- April 16, 2020

This is one story as part of the Voices of People with Disabilities during COVID19 Outbreak series

Names may have been changed to protect the individuals mentioned in the story.

People in psychiatric institutions in Indonesia have little to no opportunity to protect or isolate themselves and are subject to institutional rules that they have little to no power over. Yet, the mainstream media is silent about them and the risk they are exposed to. 

The Forgotten People 
Over the last few weeks, as the COVID-19 pandemic has swept through one nursing home after another, it monopolized the headlines of mainstream media. But amid the struggles to cope with the spread of the COVID-19 pandemic in residential homes for older people across the world, why has mainstream media failed to also shed light on the grave situation in psychiatric facilities and institutions? Why, unlike the allegations of inhumane treatment and calls for high-level inquiries prompted by the spread of the virus in nursing homes, have we witnessed a total silence about the experiences of persons with psychosocial disabilities in psychiatric institutions? Why are we blind to the realities and the effects of the pandemic in the most vulnerable and susceptible communities? The situation in Indonesian psychiatric institutions may well supply us with an answer to these questions in the coming months.

Psychiatric Institutions in Indonesia—a “Petri Dish for Coronavirus Outbreaks”
Yeni Rosa Damayanti, a Chairperson of the Indonesian Mental Health Association, reported to the International Disability Alliance that the current pandemic-related conditions in “mental institutions” in Indonesia are quite worrisome. “Since mental institutions do not consider people with psychosocial disabilities as capable of thinking, almost all of them do not have access to information.  There are no phones, no internet, no media, no television, they're cut off from the rest of the world and they're lacking in the information of COVID- 19,” says Yeni Rosa. The grim reality of closed psychiatric facilities in places like Indonesia and the stigma attached to persons with psychosocial disabilities puts them in a very vulnerable position.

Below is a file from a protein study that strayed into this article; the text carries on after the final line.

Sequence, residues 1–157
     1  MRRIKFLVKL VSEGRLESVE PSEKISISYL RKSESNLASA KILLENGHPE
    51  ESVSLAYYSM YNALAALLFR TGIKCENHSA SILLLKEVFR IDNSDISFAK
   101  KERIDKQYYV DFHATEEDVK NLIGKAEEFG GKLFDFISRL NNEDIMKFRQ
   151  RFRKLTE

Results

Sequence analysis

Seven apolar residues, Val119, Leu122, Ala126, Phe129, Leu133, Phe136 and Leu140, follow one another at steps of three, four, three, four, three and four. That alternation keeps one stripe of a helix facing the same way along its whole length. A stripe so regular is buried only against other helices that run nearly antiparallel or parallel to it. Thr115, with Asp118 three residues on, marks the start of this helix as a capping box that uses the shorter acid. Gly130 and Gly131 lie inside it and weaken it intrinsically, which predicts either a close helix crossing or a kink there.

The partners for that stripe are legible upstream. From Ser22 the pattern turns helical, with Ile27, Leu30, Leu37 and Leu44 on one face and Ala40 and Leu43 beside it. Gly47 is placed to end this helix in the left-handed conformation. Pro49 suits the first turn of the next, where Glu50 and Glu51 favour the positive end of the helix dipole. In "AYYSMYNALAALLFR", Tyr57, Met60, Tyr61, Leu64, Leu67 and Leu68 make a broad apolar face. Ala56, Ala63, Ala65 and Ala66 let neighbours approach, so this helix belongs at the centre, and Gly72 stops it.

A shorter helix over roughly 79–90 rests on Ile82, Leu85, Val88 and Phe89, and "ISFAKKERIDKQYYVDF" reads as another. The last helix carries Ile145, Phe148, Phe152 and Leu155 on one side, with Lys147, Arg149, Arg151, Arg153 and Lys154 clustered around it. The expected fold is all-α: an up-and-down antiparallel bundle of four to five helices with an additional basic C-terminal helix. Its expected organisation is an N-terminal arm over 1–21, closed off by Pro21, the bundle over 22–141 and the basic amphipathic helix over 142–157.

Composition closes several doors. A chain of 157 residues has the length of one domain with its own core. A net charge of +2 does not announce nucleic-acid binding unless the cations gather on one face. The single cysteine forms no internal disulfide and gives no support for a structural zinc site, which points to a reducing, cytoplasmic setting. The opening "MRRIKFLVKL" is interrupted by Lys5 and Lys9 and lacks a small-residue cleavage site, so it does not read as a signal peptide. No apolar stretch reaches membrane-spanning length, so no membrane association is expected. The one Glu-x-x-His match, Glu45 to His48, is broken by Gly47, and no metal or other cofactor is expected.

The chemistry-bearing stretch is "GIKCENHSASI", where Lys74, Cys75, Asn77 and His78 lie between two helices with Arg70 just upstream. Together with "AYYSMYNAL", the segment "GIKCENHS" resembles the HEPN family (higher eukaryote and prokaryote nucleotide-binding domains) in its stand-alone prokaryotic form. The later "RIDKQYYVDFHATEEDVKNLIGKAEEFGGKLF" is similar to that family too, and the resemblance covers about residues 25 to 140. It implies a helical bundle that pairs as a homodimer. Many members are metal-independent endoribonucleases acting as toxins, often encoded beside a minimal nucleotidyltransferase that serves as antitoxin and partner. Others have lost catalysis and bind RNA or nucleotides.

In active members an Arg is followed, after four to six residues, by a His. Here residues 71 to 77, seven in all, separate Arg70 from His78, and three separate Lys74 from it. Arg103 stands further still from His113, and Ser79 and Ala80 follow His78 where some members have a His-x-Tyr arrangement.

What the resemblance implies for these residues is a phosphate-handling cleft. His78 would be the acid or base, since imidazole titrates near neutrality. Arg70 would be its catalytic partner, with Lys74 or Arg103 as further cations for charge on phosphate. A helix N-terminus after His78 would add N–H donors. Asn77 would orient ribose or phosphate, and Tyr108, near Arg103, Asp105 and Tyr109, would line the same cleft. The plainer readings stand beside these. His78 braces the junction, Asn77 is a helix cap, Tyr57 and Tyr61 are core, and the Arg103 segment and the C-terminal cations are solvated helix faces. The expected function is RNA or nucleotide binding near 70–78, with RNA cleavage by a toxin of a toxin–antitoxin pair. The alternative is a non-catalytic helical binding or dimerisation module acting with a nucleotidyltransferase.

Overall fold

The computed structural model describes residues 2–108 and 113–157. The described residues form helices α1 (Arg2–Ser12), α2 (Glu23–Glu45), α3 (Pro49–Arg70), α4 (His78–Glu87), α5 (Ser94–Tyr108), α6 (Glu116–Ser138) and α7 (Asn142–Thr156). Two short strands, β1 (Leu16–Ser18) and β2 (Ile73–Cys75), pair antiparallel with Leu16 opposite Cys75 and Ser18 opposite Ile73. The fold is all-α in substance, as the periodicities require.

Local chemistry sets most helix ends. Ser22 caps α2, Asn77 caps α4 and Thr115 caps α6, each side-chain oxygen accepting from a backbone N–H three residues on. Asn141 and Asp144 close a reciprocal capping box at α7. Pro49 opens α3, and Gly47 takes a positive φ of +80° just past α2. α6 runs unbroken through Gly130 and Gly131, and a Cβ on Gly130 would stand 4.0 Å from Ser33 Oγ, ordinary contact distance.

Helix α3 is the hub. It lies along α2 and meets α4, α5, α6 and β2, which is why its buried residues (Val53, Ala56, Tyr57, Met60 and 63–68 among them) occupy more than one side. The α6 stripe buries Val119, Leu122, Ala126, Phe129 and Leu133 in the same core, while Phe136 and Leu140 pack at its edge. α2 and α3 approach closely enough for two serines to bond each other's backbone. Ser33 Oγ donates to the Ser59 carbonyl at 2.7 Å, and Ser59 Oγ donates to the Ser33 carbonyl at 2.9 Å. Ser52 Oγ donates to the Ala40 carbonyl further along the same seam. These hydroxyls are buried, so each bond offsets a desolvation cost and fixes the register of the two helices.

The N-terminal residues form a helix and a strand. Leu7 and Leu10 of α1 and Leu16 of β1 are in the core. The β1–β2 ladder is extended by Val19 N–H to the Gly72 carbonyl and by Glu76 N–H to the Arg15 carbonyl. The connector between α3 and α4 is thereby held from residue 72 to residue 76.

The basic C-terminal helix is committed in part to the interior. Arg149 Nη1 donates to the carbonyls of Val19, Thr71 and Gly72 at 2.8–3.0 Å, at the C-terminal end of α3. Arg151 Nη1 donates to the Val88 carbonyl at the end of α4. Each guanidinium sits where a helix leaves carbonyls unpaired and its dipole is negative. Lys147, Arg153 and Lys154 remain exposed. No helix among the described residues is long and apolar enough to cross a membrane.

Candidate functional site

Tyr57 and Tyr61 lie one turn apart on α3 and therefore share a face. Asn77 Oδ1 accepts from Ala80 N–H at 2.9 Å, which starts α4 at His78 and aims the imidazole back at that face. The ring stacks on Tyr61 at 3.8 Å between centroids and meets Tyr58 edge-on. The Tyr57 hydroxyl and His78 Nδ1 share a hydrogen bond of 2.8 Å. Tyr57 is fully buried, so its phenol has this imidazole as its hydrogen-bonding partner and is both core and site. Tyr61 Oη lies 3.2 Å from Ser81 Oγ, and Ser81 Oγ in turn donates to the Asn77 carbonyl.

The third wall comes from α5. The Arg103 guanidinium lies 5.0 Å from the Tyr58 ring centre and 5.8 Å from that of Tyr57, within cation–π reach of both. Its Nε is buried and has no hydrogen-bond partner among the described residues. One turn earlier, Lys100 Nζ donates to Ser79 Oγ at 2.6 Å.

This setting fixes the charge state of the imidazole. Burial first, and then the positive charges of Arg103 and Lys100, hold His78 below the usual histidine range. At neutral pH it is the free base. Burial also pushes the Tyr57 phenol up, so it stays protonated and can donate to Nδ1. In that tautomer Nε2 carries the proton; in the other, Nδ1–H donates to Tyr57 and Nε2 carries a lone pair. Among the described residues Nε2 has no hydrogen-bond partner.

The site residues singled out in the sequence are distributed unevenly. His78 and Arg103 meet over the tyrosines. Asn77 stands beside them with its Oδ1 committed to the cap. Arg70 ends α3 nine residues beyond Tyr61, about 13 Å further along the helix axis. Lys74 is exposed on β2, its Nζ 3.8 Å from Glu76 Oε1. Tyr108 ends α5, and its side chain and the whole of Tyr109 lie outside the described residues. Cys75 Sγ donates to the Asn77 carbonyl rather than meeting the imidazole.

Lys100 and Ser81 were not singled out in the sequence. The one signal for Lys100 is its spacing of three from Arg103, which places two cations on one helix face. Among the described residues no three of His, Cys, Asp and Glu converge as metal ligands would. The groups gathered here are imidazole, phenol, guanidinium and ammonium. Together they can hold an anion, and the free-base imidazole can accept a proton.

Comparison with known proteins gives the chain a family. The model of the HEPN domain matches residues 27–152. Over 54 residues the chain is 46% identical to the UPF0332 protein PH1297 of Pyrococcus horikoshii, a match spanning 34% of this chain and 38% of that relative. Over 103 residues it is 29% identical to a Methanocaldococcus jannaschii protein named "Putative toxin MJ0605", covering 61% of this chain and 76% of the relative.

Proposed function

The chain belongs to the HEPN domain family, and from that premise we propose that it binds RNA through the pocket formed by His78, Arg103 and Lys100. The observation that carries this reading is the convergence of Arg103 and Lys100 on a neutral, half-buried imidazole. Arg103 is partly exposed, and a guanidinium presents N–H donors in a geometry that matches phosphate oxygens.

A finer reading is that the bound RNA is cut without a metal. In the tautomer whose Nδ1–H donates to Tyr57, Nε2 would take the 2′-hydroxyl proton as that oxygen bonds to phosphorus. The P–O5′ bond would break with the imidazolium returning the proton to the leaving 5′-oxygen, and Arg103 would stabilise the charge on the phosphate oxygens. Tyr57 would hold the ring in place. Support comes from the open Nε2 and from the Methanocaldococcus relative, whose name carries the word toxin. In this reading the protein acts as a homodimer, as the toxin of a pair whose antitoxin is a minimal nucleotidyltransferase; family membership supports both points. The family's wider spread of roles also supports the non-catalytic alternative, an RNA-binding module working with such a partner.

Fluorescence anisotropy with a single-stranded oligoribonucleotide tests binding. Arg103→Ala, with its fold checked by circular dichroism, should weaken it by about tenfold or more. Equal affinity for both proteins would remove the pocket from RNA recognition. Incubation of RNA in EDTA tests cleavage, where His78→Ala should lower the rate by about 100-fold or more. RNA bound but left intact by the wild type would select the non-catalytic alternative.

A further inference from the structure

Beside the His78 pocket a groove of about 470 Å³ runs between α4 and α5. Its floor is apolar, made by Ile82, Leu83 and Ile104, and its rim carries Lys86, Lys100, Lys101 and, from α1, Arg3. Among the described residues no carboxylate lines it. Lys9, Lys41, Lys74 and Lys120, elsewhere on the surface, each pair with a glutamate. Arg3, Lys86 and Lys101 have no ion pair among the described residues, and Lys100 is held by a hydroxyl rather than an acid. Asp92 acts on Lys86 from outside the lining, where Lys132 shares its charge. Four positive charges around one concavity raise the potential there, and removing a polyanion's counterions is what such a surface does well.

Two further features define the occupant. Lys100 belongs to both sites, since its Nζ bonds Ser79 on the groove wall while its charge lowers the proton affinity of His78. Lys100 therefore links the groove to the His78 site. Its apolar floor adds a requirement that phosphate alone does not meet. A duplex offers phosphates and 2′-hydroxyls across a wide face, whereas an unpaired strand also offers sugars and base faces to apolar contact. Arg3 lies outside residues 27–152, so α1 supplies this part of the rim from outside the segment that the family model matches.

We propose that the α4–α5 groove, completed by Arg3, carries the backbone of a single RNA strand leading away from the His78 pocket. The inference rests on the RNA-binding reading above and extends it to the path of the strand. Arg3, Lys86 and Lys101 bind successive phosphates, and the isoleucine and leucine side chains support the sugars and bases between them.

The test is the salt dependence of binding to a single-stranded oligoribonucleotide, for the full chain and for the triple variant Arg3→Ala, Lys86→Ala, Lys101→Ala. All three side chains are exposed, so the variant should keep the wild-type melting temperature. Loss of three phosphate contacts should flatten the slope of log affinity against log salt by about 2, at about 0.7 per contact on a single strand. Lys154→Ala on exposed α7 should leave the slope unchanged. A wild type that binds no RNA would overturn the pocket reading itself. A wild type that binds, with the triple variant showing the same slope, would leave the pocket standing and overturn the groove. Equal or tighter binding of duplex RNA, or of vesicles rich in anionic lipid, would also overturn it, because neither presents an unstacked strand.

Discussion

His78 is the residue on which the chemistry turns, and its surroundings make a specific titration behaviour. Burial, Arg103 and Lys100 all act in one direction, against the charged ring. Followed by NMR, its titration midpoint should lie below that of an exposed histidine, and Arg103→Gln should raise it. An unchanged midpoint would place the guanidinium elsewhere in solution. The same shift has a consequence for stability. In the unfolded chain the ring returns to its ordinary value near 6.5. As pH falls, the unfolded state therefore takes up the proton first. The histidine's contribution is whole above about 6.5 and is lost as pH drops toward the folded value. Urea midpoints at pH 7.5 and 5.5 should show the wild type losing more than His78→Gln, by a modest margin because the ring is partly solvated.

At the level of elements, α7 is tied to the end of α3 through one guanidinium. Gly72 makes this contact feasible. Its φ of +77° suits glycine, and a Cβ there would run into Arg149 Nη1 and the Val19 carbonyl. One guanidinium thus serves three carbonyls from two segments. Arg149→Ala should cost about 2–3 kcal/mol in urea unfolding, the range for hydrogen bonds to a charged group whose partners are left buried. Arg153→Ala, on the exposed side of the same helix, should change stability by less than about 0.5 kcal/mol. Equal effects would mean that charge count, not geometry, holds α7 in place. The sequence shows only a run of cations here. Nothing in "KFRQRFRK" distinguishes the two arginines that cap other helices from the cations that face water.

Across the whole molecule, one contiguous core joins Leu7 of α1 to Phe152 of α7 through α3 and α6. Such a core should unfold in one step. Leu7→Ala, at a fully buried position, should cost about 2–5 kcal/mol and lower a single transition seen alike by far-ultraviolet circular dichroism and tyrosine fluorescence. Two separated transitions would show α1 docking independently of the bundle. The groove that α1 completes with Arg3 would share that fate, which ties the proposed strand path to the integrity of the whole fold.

To exacerbate the problem, psychiatric hospitals in Indonesia are operating beyond their intended capacity by housing an excess number of patients. This means crowded living spaces. “In many institutions, there are about 20-30 people with disabilities living in one room,” confirms Yeni Rosa. Social distancing—a strategy for slowing the spread of the novel coronavirus SARS-CoV-2 and easing the pressure on the health care system—is an unattainable goal in psychiatric institutions in Indonesia.

Besides the issue of close confinement, the psychiatric wards in Indonesia also lack disinfectants and basic sanitation supplies.  “There is no facility to wash hands, and there is a lack of soap.  There is no precaution taken by the staff to stop the spread of the infection brought from the outside,” says Yeni Rosa. Under current circumstances, “mental institutions in Indonesia”, in words of Yeni Rosa, may turn into “a perfect petri dish for coronavirus outbreaks. 

Often times, the most vulnerable and marginalized members of society are left behind, and not just in a time of crisis. Their fate is not sufficiently addressed and exposed in mainstream media. It is in these shadow spaces like psychiatric facilities in Indonesia, where no light is shown, the coronavirus is likely to wreak havoc. The risk of the deadly outbreak in the psychiatric institutions in Indonesia is real, and the next couple of weeks will be telling how deplorable the situation is.